> Aaron is dead. Wanderers in this crazy world, we have lost a mentor, a wise elder. Hackers for right, we are one down, we have lost one of our own. Nurturers, carers, listeners, feeders, parents all, we have lost a child. Let us all weep.
He committed suicide during the investigation, and it's supposedly not unlikely to be related to the pressure the investigation and trumped-up charges brought him. And then there's those that surmise he was murdered, of course.
See also this documentary: https://en.wikipedia.org/wiki/The_Internet%27s_Own_Boy
From all reasonable perspectives, he only committed copyright infringement.
Also, I hope you get Lou Gehrig's disease. Sorry in advance, d.
> Last seen Jan 4 '13 at 19:23
1. Use find to compile a list of files that have not changed:
find /path/to -type f -mmin +3 > mylist.txt
2. Tell rsync only to sync files on the list:
rsync -a --files-from=mylist.txt /path/to remote:/backup
3. Homework: make sure it does not barf on strange filename.
Surrounding them were groups of kids chatting. Clearly social rituals depend on communication, which is presumably used to get a sense of the kind of person the other is. In my culture (of vaguely technical people), people converse by sharing information through mutually-beneficial discussion and debate, but the teenager's system is altogether different and wholly alien to me.
I have little firsthand experience, but I have developed an initial theory of how things work. The protocol begins by sharing basic personal information to establish identity, then moves to the humorous recitation of cultural information. (Humorous may be too strong a word; the key point is that there's a lot of laughing.) This is the beginning of a loop. The two parties exchange information, allowing them to get a better sense of each other. If the clearer picture is disliked, the party breaks the loop and disassociates. Otherwise, more personal knowledge is shared as the parties get to know each other better. Discussion moves from cultural issues, to societal ones, to gossip, to personal matters, to deep intimate issues, presumably shared with close lovers or friends.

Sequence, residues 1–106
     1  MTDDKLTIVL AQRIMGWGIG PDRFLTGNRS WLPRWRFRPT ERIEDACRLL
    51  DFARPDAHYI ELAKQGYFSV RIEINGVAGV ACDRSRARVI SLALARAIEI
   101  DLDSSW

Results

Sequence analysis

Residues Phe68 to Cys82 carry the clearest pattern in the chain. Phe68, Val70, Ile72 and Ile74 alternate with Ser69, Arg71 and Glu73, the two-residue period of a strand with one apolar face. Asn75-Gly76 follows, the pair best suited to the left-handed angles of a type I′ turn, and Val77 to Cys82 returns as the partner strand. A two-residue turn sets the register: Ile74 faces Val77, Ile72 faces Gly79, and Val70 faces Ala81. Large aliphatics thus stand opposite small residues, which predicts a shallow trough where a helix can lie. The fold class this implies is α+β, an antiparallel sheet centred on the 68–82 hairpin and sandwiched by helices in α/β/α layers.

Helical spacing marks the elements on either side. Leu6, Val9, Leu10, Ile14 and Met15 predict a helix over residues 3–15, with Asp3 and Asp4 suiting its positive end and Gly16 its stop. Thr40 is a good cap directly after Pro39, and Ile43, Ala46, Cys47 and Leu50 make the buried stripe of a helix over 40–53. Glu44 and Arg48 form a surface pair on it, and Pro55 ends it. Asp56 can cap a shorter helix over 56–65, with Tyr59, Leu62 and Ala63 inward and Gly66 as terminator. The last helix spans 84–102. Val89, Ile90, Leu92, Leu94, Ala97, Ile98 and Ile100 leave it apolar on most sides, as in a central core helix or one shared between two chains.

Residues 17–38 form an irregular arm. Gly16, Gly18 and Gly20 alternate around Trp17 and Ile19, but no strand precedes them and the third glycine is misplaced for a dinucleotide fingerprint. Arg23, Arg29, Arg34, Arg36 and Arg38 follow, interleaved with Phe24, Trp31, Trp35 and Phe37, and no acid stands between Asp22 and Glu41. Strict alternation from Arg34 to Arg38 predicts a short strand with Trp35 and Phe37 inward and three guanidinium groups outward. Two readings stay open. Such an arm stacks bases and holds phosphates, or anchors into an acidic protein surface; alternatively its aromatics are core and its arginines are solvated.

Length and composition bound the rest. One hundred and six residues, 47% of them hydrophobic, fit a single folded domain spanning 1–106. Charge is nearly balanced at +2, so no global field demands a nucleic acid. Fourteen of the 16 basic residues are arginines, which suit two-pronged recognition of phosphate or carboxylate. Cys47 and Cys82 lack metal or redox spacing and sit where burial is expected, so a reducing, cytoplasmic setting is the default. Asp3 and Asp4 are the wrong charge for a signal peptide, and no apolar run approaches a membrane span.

For dark fabric: https://drive.google.com/file/d/0B6fL4G1FVF-AdHhCdVU4UHhCNk0...
For medium shade fabric: https://drive.google.com/file/d/0B6fL4G1FVF-AblFNYlBrWTJmems...
(Even though these look dark against a white background, it works best if the gray shadow part is darker than the fabric color: dark example: https://drive.google.com/open?id=1RY9wtKNtDzKdZKF-eAa_vYNCXU...)